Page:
The Trump administration’s ambitions are well documented. But what has not been publicly revealed until now is the extent to which the VA—a sprawling agency with a $180 billion (FY2017) annual budget that includes the nation’s single largest health care system, a network of cemeteries and a massive bureaucracy that administers the GI Bill and disability compensation for wounded veterans—has become a massive feeding trough for the lobbying industry.

The VA’s then secretary, David Shulkin, was at the previously undisclosed meeting, along with a contingent of conservative thinkers on veterans policy, including current and former members of Concerned Veterans for America, known as CVA, an advocacy network largely backed by conservative donors Charles and David Koch. Also present were “Fox & Friends” host Pete Hegseth, a former CVA executive repeatedly floated to be Trump’s pick for VA secretary, and David Urban, a right-leaning CNN commentator who served as a senior adviser on the Trump campaign.

According to emails obtained under the Freedom of Information Act, the group drafted a strategy to “echo/amplify” Trump’s “priorities/initiatives” for accelerating the privatization process. According to three people who were there, the participants discussed how best to respond to expected resistance from traditional veterans advocates, who historically have opposed privatizing key agency services. Representatives from “the Big Six” major veterans organizations, including the American Legion and Veterans of Foreign Wars, were not invited.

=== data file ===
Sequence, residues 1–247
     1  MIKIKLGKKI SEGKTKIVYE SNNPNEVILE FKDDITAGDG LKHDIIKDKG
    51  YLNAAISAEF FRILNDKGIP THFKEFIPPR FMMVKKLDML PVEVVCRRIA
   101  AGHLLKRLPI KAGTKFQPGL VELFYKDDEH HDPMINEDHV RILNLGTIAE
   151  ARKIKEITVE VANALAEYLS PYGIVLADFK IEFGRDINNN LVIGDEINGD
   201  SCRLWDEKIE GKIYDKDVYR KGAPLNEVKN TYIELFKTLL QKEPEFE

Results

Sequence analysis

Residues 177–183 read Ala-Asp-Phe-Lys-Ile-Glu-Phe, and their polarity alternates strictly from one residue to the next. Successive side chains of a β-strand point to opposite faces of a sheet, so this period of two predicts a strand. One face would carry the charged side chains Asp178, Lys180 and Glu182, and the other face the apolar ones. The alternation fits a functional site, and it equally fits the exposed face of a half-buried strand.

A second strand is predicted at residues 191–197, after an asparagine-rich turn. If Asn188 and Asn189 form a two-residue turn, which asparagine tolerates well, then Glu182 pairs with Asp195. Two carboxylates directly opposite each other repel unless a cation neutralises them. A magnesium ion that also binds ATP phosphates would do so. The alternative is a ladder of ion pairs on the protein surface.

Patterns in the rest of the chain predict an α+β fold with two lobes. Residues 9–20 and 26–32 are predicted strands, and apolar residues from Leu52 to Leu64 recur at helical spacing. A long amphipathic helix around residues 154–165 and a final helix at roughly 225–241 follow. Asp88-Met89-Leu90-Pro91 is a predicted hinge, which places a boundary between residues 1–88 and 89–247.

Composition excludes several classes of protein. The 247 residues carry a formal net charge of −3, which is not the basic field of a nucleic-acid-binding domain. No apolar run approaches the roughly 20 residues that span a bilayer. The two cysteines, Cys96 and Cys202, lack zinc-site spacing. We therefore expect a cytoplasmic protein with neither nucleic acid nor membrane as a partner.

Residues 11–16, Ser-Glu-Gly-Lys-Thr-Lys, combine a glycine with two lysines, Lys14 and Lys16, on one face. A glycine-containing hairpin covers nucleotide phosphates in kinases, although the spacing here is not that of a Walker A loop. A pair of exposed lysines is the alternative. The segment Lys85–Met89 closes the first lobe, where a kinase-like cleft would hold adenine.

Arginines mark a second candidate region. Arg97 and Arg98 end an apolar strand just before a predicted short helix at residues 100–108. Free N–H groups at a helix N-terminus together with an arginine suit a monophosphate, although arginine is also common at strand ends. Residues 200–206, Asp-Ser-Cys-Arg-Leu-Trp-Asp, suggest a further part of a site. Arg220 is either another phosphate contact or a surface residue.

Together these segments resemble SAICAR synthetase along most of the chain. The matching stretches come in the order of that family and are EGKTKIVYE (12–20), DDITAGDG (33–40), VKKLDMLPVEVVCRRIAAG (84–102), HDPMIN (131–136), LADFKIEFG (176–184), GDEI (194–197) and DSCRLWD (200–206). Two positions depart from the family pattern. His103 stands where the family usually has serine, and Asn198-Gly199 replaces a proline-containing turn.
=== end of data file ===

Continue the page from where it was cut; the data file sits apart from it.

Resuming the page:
But it was the presence of the most powerful lobbyist for the companies now trying to get a piece of the VA’s budget—a tan, affable Floridian named Jeff Miller—that would have raised the most eyebrows, had his attendance been known at the time.